Thursday, 25 October 2012
Did the record industry deliberately kill off the vinyl record?
Recently there was a story on the Music Week website indicating that the record industry sabotaged the vinyl LP to make us all move over to CDs. They made good points about sound and quality , but during the 80s, I only had crap turntables to play records on, so I didn't know the difference.
As a consumer of music, then as now, I can say that I honestly believe this was the case but for different reasons. You can read music week's arguments above, but mine go like this:
1. The record industry seemed to market the CD as more attractive by adding extra tracks and tampering with the content on vinyl.
From the mid-80s onwards, certain albums were marketedly different in their vinyl configurations from the CD. In fact, it was quite common for notes to be on the vinyl sleeve saying "The CD and cassette contain extra tracks not available on vinyl" as it is on the back of John Mellencamp's "Scarecrow" LP.
Other albums would include substantially less music on vinyl than on CD, citing the reduced playing time of the LP as the problem. When daryl Braithwaite had a massive career resurgence in 1988, the first LP he released ("Edge" in 1988) has 10 tracks on vinyl, and 14 on CD. The album wasn't long enough to be a double LP, but then it was probably just long enough to fit on a single LP without compromising sound quality.
2. They made crappy sounding vinyl by squeezing too much onto the LP.
On that note, the more music on a record, the poorer the sound quality. 27 minutes at the absolute tops per side before the sound quality decreases too much. Neil Young's "Ragged Glory" LP is 63 minutes long, and it was crammed onto a single LP. My second hand vinyl copy was slightly worn when I got it, and the music was in danger of being drowned out by the surface noise of the vinyl. Ditto the first "Mr Bungle" LP, which stands at just over 70 minutes.
Then at the other end of the spectrum, you had "Beyond Salvation" by The Angels, a solid 49 minute album on 2LPs! You had to change sides every 10-12 minutes! A waste!
3. Quality control standards slipped markedly.
The amount of defects in the vinyl, little pieces of junk being pressed into the vinyl that can't be cleaned away causing a permanent skip on the record, were commonplace in the late 1980s. I have a few records that suffer this unfortunate condition and there's little you can do about it.
4. In some cases, vinyl editions just weren't pressed at all.
Around 1990 you started to see some albums just weren't pressed on vinyl at all. The marketing on TV and in magazines would just say "Available on CD and Cassette". Any vinyl you were able to buy of certain records wasn't even pressed domestically - it was imported. My copies of Guns 'n Roses' "Use Your Illusion" were both purchased when they were released, but they were both pressed in Germany for export.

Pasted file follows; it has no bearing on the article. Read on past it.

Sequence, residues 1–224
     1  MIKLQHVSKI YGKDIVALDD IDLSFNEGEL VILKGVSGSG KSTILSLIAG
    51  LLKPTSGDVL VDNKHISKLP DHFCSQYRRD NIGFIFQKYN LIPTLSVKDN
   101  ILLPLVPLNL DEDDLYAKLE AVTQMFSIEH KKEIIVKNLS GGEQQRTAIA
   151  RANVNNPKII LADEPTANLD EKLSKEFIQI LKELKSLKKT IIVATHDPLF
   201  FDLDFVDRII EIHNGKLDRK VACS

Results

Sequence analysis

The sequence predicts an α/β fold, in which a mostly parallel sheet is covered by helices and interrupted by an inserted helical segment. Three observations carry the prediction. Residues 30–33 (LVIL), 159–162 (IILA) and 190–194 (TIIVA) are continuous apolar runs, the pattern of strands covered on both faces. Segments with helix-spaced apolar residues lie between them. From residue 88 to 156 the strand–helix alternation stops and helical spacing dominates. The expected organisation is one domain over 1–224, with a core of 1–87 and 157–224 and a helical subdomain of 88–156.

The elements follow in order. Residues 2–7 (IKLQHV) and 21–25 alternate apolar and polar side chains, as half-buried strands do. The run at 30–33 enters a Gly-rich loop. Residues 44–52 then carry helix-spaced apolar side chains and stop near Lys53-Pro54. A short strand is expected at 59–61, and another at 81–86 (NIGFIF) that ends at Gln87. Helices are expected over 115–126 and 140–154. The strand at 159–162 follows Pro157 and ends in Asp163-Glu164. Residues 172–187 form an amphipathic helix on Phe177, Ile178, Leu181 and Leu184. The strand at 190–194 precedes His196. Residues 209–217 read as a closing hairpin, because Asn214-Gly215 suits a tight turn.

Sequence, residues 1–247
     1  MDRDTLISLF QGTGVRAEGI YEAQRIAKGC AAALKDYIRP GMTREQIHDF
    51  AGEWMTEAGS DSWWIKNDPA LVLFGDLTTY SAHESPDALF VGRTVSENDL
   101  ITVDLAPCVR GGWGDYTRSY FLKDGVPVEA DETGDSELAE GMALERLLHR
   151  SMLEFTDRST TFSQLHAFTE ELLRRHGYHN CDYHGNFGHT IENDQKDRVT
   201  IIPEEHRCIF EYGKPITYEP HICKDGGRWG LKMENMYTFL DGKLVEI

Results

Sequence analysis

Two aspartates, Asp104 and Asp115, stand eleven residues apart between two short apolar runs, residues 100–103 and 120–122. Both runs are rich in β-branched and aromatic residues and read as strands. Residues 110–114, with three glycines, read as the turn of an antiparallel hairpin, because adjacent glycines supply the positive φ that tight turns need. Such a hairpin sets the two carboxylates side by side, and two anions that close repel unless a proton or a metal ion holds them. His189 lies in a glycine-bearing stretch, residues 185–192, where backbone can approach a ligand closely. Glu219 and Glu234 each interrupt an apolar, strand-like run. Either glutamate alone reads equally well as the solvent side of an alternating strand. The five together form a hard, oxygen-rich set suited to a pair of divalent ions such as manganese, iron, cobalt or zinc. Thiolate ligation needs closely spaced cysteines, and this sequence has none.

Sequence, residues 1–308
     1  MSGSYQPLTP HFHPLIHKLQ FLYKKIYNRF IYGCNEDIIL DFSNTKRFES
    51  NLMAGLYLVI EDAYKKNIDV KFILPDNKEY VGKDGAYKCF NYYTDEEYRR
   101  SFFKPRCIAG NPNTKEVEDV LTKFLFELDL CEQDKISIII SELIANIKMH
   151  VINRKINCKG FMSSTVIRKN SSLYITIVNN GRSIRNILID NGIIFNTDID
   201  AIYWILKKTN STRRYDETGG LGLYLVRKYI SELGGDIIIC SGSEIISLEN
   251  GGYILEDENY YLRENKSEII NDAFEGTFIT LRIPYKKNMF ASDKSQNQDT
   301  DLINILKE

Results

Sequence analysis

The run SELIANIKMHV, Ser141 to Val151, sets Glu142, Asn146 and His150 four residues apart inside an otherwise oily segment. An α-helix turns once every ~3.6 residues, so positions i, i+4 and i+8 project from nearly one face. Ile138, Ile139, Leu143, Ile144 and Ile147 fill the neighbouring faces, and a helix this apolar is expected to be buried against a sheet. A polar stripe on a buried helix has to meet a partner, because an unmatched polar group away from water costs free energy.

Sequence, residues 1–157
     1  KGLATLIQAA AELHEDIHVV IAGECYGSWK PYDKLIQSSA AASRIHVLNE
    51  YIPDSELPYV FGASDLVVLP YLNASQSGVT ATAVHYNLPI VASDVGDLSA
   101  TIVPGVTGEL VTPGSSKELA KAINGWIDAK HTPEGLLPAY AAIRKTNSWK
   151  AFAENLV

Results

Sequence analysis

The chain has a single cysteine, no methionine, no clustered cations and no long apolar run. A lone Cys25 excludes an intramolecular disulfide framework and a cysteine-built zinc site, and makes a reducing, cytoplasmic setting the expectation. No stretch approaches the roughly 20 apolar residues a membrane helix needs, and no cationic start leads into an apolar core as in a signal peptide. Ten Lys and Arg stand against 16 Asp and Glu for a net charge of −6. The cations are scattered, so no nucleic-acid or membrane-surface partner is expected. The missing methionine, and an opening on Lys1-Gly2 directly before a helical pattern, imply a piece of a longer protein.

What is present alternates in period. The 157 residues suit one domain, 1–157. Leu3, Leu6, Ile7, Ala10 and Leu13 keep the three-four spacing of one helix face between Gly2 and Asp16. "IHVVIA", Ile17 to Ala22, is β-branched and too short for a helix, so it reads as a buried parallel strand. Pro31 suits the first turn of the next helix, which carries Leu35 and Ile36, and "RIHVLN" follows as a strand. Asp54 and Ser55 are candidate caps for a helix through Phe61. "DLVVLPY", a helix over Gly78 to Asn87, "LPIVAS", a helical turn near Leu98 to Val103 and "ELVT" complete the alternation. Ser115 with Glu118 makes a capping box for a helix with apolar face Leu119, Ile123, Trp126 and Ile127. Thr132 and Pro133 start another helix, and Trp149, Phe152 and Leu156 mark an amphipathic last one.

5. After 1991, they just stopped pressing vinyl altogether in Australia.
At this stage, you were forced to buy a CD or cassette - these were the only two formats available and for an album there was at least a $10 price difference between the two (the CD being the more expensive). This left only indie labels and dance DJs making vinyl - the domestic mainstream industry did away with it. Small labels like Phantom and Red Eye in sydney kept pressing vinyl until about 1993, but they outsourced their work to the major label pressing plants. Eventually the majors pulled the plug on their pressing plants...
You could still get imports, but only specialist shops dealt with them. In rural NSW where I grew up, local record stores didn't even bother with vinyl - they'd give you strange looks and tell you either "don't bother" or "it'll be too expensive and it will take 6 months to get here from overseas".
6. Price-gouging for singles, and the introduction of multi-formats for collectors
Buying singles in the early 1990s meant that singles were around $5 on vinyl, cassette singles likewise and CD singles were $7.95. All of a sudden, you could then buy CD singles of (then) new bands like Pearl Jam for $1.95 - why would you wanna buy a $5 vinyl equivalent then? As well as releasing singles on a variety of different formats and loading extra content onto them. At one point, a single would be released by a major band on 7" plain stock sleeve, 7" picture sleeve, 12" with bonus tracks, Cassette, CD, sometimes coloured vinyl. The companies expected the hardcore fans to buy them all, and some did. Not all of us had that luxury of course.
These days the prices have all but turned around. I can get the latest Green Day album "Uno!" on CD for $15, but the same store will supply an imported vinyl copy of the same album for $38. Go figure...